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Schur complement

by , PhD

The Schur complements of a block matrix are functions of its blocks that allow to derive several useful formulae for the inversion and the factorization of the block matrix itself.

Table of Contents

Definition

Let us start with a definition.

Definition Let $M$ be a block matrix[eq1]such that its blocks A and $B$ are square matrices. If A is invertible, the Schur complement of A in $M$ is[eq2]If $D$ is invertible, the Schur complement of $D$ in $M$ is[eq3]

Note that the definition does not specify the dimensions of $M$ and its blocks. The only essential thing that we need to specify is that A and $B$ must be square matrices. Everything else follows from the latter requirement.

In fact, suppose that A is $K_{A}	imes K_{A}$ and $D$ is $K_{D}	imes K_{D}$. Then, $B$ must be $K_{A}	imes K_{D}$ and $C$ must be $K_{D}	imes K_{A}$. As a consequence, the product $CA^{-1}B$ is well-defined and its dimension is $K_{D}	imes K_{D}$. Similarly, the product $BD^{-1}C$ is well-defined and its dimension is $K_{A}	imes K_{A}$.

Role in block matrix inversion

Schur complements play a key role in the inversion of block matrices.

Proposition Let $M$ be a block matrix[eq4]such that its blocks A and $B$ are square matrices. If A and its Schur complement $M/A$ are invertible, then $M$ is invertible and[eq5]

Proof

The rigorous way to prove the proposition is to multiply $M$ by $M^{-1}$ using the rule for the multiplication of block matrices and to show that the result is the identity matrix. However, we take an approach that shows how the formulae for the blocks of $M^{-1}$ have been derived. Suppose that $M^{-1}$ exists and partition it into blocks as follows:[eq6]where $lpha $ has the same dimension as A, and $D$ has the same dimension as $delta $. By the definition of inverse, $M^{-1}$ should satisfy[eq7]or[eq8]where $I_{A}$ is the identity matrix having the same dimension as A, and $I_{D}$ is the identity matrix having the same dimension as $D$. This is equivalent to saying that the four blocks [eq9] should satisfy the four equations[eq10]If A is invertible, we can transform the first equation into[eq11]Then we substitute equation (5) into (3) and get[eq12]or[eq13]Thus, the Schur complement of A has already appeared. Let us write it explicitly:[eq14]If the Schur complement of A is invertible, then we have[eq15]Thus, we have found the $left( 2,1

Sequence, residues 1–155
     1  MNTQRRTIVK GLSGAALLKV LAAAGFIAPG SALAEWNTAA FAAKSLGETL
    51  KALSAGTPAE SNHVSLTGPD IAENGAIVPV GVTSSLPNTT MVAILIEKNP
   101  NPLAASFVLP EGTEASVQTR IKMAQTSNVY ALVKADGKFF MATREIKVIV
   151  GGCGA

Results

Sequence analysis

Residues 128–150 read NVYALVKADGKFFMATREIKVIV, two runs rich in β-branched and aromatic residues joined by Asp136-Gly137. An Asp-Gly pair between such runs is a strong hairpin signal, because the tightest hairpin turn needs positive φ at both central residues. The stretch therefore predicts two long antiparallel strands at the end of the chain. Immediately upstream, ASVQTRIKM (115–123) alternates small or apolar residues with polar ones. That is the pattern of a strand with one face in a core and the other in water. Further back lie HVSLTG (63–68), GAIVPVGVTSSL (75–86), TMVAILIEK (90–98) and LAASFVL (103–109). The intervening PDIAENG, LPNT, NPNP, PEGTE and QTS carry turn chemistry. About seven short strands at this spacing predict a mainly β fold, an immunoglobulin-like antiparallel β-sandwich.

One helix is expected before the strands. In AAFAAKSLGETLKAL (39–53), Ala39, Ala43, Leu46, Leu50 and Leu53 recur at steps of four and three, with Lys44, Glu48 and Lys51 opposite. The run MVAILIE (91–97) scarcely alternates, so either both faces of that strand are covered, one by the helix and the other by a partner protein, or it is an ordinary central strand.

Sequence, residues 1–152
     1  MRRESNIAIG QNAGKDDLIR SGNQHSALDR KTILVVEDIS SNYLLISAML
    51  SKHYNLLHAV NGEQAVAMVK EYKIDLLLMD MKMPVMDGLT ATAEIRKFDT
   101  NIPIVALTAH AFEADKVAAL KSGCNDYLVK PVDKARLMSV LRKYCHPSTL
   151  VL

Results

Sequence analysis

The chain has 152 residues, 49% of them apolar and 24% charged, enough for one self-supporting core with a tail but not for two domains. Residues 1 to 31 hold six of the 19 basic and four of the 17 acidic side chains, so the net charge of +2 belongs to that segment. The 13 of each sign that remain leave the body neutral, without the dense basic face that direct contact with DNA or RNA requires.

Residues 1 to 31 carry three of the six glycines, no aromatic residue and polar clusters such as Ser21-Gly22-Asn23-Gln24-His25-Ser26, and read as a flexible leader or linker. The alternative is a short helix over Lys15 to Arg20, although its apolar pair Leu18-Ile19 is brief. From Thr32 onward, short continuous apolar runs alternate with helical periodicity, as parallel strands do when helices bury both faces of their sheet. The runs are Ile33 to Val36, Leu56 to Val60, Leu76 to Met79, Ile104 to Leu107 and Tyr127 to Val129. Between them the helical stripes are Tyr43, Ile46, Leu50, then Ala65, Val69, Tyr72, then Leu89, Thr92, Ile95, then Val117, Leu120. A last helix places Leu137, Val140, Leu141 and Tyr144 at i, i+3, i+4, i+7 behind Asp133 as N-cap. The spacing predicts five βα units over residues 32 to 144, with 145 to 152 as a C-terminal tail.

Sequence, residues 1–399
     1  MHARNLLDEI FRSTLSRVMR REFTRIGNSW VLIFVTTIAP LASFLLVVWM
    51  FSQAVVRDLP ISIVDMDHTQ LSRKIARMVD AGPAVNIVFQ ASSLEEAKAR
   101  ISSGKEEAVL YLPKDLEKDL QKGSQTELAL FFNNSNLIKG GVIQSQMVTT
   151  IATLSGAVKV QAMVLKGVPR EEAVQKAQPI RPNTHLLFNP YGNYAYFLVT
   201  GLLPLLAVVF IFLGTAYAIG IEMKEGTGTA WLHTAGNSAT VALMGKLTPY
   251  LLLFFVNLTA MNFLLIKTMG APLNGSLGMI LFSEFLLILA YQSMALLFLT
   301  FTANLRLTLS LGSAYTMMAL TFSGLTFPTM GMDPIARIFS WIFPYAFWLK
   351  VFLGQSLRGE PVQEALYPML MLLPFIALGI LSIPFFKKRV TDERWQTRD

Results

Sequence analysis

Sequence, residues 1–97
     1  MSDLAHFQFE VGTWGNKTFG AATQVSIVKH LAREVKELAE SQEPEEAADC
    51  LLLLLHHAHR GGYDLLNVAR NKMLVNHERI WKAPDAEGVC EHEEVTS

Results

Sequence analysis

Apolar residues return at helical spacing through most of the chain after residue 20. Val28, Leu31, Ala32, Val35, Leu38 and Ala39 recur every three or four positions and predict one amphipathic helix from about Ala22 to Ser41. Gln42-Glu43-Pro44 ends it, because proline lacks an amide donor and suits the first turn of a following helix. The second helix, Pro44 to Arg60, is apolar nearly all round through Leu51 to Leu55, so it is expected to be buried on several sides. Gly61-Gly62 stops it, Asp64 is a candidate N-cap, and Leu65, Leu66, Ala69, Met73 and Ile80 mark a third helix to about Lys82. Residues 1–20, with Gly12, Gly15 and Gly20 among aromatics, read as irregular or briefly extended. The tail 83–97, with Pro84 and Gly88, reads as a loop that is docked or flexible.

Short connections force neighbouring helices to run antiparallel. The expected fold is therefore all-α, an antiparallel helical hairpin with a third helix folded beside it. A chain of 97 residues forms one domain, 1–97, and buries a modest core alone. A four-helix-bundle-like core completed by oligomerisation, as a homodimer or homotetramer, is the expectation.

ight) $-th block of $M^{-1}$. We can now plug equation (6) into (5) and obtain another block of $M^{-1}$:[eq16]The next step is to transform equation (2) as follows:[eq17]Then, we plug equation (7) into (4):[eq18]From the latter equation, we obtain one more block of $M^{-1}$:[eq19]We can now substitute equation (8) into (7) and recover the last block of $M^{-1}$:[eq20]

There is an analogous proposition for the Schur complement of $D$. You may try to prove it as an exercise and then use the proof below to check your solution.

Proposition Let $M$ be a block matrix[eq21]such that its blocks A and $B$ are square matrices. If $D$ and its Schur complement $D/A$ are invertible, then $M$ is invertible and[eq22]

Proof